Shalom said Netanyahu made a mistake when he removed the party from the government. He blamed Netanyahu for the creation of many political parties of ex-Likudniks that were formed to challenge his leadership, including Kadima, Gesher, Center, National Union and Israel Beiteinu.
Shalom has an "emergency plan to save the Likud" that he hopes will return it to the heart of the nation. The plan includes moderating the party's diplomatic path, reforming its institutions and holding a Likud leadership race as soon as possible. He said he would travel across the country to speak to Likudniks and return them to the party.
NETANYAHU'S ASSOCIATES said they made a strategic decision "not to enter a street battle with Silvan."
They said that had Shalom defeated Netanyahu in the Likud leadership race, the party's mandates would have fallen into the single digits.
"Unfortunately, there are those who are scheming and undermining the Likud for personal reasons and damaging the party when unity is needed to rebuild," a Netanyahu adviser said. "Luckily, the majority of the MKs in the faction are working together to rebuild the party's image."
Sources close to Netanyahu said that anyone who hoped he would quit the party chairmanship after an electoral failure as he did in 1999 were in for a disappointment. Netanyahu was even quoted as saying that he wanted to remain in the Knesset until he is the age of 82-year-old Shimon Peres.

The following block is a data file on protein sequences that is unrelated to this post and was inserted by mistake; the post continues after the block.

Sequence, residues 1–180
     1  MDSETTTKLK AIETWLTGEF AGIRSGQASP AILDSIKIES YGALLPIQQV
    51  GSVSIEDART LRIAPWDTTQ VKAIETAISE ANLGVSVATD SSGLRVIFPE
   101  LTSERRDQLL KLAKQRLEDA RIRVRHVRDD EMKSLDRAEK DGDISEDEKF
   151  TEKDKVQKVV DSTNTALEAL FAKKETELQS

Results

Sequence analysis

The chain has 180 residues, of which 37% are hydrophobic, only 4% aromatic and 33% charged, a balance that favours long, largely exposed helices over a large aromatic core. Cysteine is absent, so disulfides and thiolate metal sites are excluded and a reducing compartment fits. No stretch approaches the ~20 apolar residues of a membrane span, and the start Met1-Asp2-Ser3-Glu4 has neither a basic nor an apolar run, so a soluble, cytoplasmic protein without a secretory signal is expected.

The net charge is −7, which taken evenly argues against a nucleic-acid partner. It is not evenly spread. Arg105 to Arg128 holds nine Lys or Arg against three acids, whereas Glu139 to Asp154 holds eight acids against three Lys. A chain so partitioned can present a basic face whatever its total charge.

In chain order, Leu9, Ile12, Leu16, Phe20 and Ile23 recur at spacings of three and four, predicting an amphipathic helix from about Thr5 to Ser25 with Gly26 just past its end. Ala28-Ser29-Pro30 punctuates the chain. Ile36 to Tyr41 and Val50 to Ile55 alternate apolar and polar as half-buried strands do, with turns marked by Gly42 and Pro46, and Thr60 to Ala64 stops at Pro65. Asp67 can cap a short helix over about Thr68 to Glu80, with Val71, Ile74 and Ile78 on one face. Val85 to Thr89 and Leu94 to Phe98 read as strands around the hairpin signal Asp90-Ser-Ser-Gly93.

Netanyahu's rivals liked the comparison with Peres, whose name has become synonymous with electoral failure. Netanyahu's loyalists preferred a comparison with former prime minister and longtime Likud leader Menachem Begin, but Begin himself lost every election from 1948 onward before he won for the first time in 1977.
"Bibi doesn't intend to be the opposition leader for 30 years like Begin," the Netanyahu adviser said. "The Likud suffered a big blow when Arik [Sharon] left the Likud. Without Superman it was inevitable that we would take a blow, but the party can recover under Bibi. God forbid that the Likud pray for there to be terror attacks, but we think unilateral withdrawals will only continue the bloodshed and intensify the conflict. When the public realizes that Bibi's diplomatic and economic paths were correct, the voters will return."
Knesset Speaker Reuven Rivlin has taken a neutral stance in the battle between Bibi backers and Netanyahu nixers. He said that the recipe to return to the Prime Minister's Office is hard work in the opposition and maintaining party unity at all costs.
"We are all to blame," Rivlin said. "Bibi didn't destroy the Likud - the Likud destroyed itself. Instead of Silvan and Bibi fighting for the leadership, we need to unite, to get organized, to serve the country in the opposition and to try to bring back voters to Likud and its path. My hope is that the Likud supporters merely punished the party and did not desert it permanently."